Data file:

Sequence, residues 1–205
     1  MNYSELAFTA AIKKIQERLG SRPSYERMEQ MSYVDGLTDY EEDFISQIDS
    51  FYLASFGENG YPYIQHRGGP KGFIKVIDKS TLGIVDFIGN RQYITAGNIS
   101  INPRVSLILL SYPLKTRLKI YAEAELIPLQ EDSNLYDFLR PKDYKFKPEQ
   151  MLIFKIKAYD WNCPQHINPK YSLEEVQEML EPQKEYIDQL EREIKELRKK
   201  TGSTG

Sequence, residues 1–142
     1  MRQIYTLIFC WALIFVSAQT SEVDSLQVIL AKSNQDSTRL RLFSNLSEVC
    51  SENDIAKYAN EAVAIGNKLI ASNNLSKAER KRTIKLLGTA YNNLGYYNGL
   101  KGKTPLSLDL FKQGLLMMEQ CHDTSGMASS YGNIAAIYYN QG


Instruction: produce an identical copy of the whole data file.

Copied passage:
Sequence, residues 1–205
     1  MNYSELAFTA AIKKIQERLG SRPSYERMEQ MSYVDGLTDY EEDFISQIDS
    51  FYLASFGENG YPYIQHRGGP KGFIKVIDKS TLGIVDFIGN RQYITAGNIS
   101  INPRVSLILL SYPLKTRLKI YAEAELIPLQ EDSNLYDFLR PKDYKFKPEQ
   151  MLIFKIKAYD WNCPQHINPK YSLEEVQEML EPQKEYIDQL EREIKELRKK
   201  TGSTG

Sequence, residues 1–142
     1  MRQIYTLIFC WALIFVSAQT SEVDSLQVIL AKSNQDSTRL RLFSNLSEVC
    51  SENDIAKYAN EAVAIGNKLI ASNNLSKAER KRTIKLLGTA YNNLGYYNGL
   101  KGKTPLSLDL FKQGLLMMEQ CHDTSGMASS YGNIAAIYYN QG